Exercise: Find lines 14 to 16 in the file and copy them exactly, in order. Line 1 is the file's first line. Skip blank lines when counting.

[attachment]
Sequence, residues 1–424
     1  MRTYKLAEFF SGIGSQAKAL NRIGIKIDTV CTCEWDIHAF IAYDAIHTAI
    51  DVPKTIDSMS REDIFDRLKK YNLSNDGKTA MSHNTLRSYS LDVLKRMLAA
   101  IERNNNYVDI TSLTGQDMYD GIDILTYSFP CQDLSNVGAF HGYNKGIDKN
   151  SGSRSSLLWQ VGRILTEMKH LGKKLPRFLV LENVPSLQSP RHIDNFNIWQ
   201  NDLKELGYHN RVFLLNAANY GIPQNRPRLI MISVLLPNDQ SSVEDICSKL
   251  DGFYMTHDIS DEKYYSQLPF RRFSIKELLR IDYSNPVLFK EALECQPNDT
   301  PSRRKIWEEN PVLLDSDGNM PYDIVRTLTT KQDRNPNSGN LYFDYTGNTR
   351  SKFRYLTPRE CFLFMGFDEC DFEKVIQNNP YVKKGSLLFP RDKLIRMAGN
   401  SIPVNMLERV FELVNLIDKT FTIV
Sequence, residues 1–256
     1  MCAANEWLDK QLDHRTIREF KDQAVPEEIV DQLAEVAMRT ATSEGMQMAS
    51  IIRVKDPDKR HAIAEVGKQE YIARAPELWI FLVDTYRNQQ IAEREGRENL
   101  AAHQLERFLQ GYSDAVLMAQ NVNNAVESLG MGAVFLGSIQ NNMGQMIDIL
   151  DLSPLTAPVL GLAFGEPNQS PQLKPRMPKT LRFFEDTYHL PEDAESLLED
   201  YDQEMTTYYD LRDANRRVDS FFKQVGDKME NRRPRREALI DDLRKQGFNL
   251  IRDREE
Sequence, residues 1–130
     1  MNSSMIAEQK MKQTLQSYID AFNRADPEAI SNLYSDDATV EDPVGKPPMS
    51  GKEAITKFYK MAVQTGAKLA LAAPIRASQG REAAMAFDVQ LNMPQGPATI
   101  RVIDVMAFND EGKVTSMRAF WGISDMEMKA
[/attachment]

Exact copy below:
   101  AAHQLERFLQ GYSDAVLMAQ NVNNAVESLG MGAVFLGSIQ NNMGQMIDIL
   151  DLSPLTAPVL GLAFGEPNQS PQLKPRMPKT LRFFEDTYHL PEDAESLLED
   201  YDQEMTTYYD LRDANRRVDS FFKQVGDKME NRRPRREALI DDLRKQGFNL